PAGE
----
Music - George M. Cohan "You're A Grand Old Flag"
THE STARS AND STRIPES
Betsy Ross is regarded by many modern historians, pseudo-historians, vexillologists (flag experts), and writers on Philadelphia as a character befitting a fable — that the tale of her making the first flag is no more than an instructive parable.
Modern-day parsers of the past suggest that several 19th-century authors and enthusiasts of American history were overanxious to champion the story of Betsy Ross brought to public attention by her grandson, William Canby, in a speech before the Pennsylvania Historical Society in 1870 that the story of the patriots of the Revolutionary Era required a deserving female role model, that magazines, textbooks, and artists uncritically have echoed the contrivance of a man who was an 11-year-old boy when his grandmother died. Some historians ignore Canby altogether and say, "There's no written record of the sewing of the first flag; therefore we cannot accept the story as truthful or likely."
Historians, to their credit, always want source documentation. The oral history testimony of Betsy Ross's daughter and other family members recount Betsy's story, and historically the dates and circumstances remain unrefuted. Evaluating the circumstantial evidence also supports her story, including the paper star found in a trunk in the 20th century. We find that the evidence supports Betsy Ross as the maker of the first flag.
In April 2009, the Pennsylvania Historical and Museum Commission officially recognized Betsy Ross's contributions with a historic marker in front of her house, stating, "Credited with making the first stars and stripes flag, Ross was a successful upholsterer. She produced flags for the government for over 50 years. As a skilled artisan, Ross represents the many women who supported their families during the Revolution and early Republic."
Some of our Early Flags
Displaying the Flag
1. When the flag is displayed over the middle of the street, it should be suspended vertically with the union to the north in an east and west street or to the east in a north and south street.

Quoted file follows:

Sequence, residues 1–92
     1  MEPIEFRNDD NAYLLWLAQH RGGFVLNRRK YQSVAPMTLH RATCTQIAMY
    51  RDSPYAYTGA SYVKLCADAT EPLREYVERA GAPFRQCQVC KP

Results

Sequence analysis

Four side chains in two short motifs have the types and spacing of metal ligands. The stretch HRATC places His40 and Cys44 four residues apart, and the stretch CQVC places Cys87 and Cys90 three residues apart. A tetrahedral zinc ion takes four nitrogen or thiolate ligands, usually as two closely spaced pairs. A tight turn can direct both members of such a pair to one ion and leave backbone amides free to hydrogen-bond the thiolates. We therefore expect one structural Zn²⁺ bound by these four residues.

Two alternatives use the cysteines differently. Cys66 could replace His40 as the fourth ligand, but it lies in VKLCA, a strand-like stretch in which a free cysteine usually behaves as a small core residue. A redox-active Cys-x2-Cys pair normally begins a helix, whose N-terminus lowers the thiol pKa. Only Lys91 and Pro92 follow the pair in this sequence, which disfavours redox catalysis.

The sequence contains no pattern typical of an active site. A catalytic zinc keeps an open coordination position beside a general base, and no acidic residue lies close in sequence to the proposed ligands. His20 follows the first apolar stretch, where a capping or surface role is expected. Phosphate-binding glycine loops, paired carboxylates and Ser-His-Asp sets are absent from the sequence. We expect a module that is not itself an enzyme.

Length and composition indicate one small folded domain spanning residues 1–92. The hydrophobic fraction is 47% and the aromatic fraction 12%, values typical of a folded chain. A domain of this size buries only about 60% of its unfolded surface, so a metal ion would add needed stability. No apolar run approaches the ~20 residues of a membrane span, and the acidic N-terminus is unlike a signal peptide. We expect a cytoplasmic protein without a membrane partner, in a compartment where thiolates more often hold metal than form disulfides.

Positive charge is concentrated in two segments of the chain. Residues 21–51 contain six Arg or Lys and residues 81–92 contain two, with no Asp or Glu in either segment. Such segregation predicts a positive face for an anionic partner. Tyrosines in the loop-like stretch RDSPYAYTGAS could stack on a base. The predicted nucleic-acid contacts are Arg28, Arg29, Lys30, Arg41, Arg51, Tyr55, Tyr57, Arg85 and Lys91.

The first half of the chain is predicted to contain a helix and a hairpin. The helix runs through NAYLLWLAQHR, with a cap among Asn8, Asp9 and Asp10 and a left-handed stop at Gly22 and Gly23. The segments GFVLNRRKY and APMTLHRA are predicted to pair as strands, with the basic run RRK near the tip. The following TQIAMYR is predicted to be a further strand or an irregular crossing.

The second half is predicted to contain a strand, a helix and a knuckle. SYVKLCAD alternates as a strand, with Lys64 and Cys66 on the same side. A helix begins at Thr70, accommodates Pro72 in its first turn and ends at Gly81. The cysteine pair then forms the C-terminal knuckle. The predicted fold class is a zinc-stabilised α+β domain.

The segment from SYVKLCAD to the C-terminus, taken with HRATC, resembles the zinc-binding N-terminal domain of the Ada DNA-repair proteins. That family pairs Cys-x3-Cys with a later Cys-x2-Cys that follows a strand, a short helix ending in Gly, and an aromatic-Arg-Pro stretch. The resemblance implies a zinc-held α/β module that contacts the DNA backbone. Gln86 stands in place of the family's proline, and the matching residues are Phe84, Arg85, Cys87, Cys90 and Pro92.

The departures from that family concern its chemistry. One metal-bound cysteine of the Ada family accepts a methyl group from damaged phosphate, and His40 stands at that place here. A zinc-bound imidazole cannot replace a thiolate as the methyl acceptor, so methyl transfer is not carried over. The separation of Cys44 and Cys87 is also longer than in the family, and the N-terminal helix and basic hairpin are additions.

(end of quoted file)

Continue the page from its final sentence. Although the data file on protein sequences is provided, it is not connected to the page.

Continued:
2. The flag of the United States of America, when it is displayed with another flag against a wall from crossed staffs, should be on the right, the flag's own right [that means the viewer's left --Webmaster], and its staff should be in front of the staff of the other flag.
3. The flag, when flown at half-staff, should be first hoisted to the peak for an instant and then lowered to the half-staff position. The flag should be again raised to the peak before it is lowered for the day. By "half-staff" is meant lowering the flag to one-half the distance between the top and bottom of the staff. Crepe streamers may be affixed to spear heads or flagstaffs in a parade only by order of the President of the United States.
4. When flags of States, cities, or localities, or pennants of societies are flown on the same halyard with the flag of the United States, the latter should always be at the peak. When the flags are flown from adjacent staffs, the flag of the United States should be hoisted first and lowered last. No such flag or pennant may be placed above the flag of the United States or to the right of the flag of the United States (the viewer's left). When the flag is half-masted, both flags are half-masted, with the US flag at the mid-point and the other flag below.
5. When the flag is suspended over a sidewalk from a rope extending from a house to a pole at the edge of the sidewalk, the flag should be hoisted out, union first, from the building.
6. When the flag of the United States is displayed from a staff projecting horizontally or at an angle from the window sill, balcony, or front of a building, the union of the flag should be placed at the peak of the staff unless the flag is at half-staff.